7 Reasons You Hate Your Life
The Declaration of Independence tells us that the pursuit of happiness is an “inalienable right”.No one is stopping us from pursuing happiness—unfortunately, most Americans just aren’t very good at it.Despite all of the resources and opportunities at our fingertips, just 1/3 of Americans said they were “very happy” in a recent Harris poll.If you’re one of the many Americans who seems to have it all, here are some common mistakes you may be making:
Chasing Money: While increased income does correlate with increased happiness, that’s true only up to about $75,000/year. Yet, many Americans who earn well in excess of that amount are still too invested in earning more to devote time to the pursuits that yield true happiness.
Spending Too Much Time Alone: In our fast-paced world, it’s natural to want to retreat. Too often, that means that downtime is spent in front of the television, but studies show that those who spend several hours each day with friends and family are happiest. That may not be possible during a traditional work week, but most of us could come much closer than we do.
Living by Someone Else’s Standards: Whether it’s keeping up with the neighbors in terms of new cars and toys or working toward the professional position your mother envisioned for you, you’re not likely to get happy by following someone else’s dream. If you’re not happy with your life, take a hard look at your road map (and think about tearing it up).
Spending Your Money on Stuff: Believe it or not, the latest electronics aren’t the key to happiness. People who spend their money on experiences tend to be happier than those who amass material goods.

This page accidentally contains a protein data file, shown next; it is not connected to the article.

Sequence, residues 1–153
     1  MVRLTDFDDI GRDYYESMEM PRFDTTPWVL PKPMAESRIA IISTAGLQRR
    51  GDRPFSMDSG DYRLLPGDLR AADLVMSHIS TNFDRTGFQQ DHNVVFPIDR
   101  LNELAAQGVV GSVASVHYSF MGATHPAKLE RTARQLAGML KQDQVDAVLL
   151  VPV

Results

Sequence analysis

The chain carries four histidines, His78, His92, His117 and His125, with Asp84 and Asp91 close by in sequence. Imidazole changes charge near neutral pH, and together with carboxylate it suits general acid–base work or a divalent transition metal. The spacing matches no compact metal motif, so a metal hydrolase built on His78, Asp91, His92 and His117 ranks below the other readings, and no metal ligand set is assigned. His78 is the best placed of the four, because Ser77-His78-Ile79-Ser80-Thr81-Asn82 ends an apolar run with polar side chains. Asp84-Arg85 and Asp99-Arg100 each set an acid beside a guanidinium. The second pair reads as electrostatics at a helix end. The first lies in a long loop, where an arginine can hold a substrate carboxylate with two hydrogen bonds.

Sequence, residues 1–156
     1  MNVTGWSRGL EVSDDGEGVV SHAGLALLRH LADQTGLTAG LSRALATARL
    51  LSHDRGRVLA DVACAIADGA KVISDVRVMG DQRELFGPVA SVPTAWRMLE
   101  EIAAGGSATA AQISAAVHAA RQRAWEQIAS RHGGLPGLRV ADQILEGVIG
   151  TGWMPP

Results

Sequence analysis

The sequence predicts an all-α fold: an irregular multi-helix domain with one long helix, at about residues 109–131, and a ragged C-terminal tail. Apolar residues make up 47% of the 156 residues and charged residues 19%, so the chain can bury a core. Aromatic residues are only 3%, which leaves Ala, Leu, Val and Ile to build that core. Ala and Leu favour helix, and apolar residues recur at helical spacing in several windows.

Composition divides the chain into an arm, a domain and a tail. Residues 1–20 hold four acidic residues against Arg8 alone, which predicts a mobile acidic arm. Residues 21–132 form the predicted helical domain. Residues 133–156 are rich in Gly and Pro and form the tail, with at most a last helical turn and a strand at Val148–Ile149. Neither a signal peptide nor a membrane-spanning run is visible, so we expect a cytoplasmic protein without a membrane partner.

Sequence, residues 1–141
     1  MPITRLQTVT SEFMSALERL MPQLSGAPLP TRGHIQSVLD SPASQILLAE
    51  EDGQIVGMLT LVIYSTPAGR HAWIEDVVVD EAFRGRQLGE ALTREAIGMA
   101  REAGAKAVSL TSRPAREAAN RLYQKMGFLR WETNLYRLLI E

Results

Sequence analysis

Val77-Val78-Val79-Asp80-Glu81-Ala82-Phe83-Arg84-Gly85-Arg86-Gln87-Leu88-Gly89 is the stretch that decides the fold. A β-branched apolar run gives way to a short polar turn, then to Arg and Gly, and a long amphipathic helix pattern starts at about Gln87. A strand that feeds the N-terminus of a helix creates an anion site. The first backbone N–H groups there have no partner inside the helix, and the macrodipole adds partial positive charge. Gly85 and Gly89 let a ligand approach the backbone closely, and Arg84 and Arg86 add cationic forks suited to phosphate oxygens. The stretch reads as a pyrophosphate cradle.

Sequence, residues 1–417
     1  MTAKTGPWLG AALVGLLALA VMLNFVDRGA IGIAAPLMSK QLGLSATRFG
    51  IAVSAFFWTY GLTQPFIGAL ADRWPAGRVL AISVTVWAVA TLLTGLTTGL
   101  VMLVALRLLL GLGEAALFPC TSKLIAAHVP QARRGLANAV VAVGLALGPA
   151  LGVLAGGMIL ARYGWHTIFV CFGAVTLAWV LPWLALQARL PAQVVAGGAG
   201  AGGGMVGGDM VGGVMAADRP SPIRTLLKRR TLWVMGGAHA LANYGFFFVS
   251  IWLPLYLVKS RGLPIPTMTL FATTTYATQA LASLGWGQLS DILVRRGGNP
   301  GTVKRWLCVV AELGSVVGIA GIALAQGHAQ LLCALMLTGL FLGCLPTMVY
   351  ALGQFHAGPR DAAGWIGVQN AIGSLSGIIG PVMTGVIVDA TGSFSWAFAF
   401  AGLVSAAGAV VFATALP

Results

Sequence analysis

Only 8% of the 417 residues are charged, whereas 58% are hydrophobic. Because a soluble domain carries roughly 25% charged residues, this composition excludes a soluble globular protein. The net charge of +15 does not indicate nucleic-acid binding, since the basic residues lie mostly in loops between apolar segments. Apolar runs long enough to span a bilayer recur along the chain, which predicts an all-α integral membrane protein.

Living for Tomorrow: While some long-term planning and delayed gratification is an essential part of adult life, waiting for some milestone to make you happy doesn’t make for a good life. If you’re unhappy now but expecting that to change when you get a promotion or can buy a bigger house or move to a warmer climate, you’re probably wrong. Even if you are that rare person who has found the right formula for future happiness…why waste today?
Comparing Yourself to Others: There’s no objective measure of a good life, and your perceptions of just how happy life is on the other side of the fence are probably skewed.
Live your life, according to your values and priorities, and don’t worry about what anyone else has or does.Lamenting the Past: Whether you’re longing for golden days gone by or regretting missed opportunities, one thing is certain: you’re not improving your present reality by focusing on the past. You can’t change what’s behind you, but you can change today and tomorrow.Are you cluttering up your path to happiness with these obstacles? If so, it’s time to kick them out of your way and claim the good life.